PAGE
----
Dans nos sociétés contemporaines occidentales prédomine le culte de la minceur et on observe une augmentation constante des pathologies graves liées aux troubles de l’alimentation (dont la boulimie et l’anorexie). La réflexion sur la représentation de la minceur (connotée positivement), sur la conception de la maigreur (jugée négativement) dans les sociétés anciennes peut permettre de souligner les points communs mais aussi les différences notables entre ces cultures et la nôtre, à travers l’étude de leur regard et de leur jugement de valeur sur ce qu’est un corps jugé sain. Une telle analyse peut constituer un apport non négligeable dans la question encore ouverte sur la part de l’impact de l’environnement extérieur et de la pression sociale dans la quête de la minceur et le développement de la maigreur.
Le colloque international pluridisciplinaire « Maigreur et minceur dans les sociétés anciennes. Grèce, Orient, Rome » réunira des chercheurs venus de France et de l’étranger, et issus d’horizons divers : philologues, historiens (de l’alimentation, de la médecine), sociologues, anthropologues, philosophes,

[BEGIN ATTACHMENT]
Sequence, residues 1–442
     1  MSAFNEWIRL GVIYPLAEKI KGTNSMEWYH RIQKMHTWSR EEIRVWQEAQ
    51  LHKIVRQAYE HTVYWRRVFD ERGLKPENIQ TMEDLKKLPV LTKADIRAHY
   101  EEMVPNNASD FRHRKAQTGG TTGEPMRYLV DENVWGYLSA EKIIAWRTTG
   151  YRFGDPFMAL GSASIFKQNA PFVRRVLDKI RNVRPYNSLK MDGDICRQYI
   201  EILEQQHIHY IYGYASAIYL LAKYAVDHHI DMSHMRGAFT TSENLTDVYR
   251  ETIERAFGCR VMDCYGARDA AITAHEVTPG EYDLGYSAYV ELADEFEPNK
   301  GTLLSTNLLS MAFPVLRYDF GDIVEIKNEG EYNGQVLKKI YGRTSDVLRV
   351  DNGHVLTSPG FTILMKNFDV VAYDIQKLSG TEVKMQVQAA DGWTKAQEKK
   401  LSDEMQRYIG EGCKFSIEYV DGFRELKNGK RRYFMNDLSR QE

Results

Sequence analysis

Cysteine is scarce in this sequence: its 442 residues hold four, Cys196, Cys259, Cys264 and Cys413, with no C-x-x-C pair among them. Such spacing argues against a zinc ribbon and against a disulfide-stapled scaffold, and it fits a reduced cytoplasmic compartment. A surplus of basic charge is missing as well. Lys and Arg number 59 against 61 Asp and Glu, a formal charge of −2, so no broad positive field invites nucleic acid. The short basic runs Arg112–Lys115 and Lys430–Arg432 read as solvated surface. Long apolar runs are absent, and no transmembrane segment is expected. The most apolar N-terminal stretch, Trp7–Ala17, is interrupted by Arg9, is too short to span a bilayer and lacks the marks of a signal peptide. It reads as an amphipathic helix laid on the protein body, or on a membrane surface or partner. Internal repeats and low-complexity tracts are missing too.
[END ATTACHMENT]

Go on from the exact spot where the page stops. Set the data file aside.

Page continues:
littéraires, archéologues, historiens de l’art. Il s’agira d’analyser toutes les facettes de la question. Seront notamment abordées les pratiques alimentaires de restriction selon les circonstances (famine, maladie, diète), tout comme la définition et les représentations de la minceur et de la maigreur dans les sociétés anciennes, dans l’art comme dans la littérature, tous genres confondus. L’approche cherchera à combiner, voire à confronter, histoire des mentalités et étude des réalités antiques.

16 mars 2017

8h45 Accueil des participants
1. Introduction : méthodologie et vocabulaire

9h Entre histoire de l'alimentation et histoire du corps, pour une étude de la maigreur et de la minceur dans les sociétés anciennes. Estelle GALBOIS et Sylvie ROUGIER-BLANC (UT2J)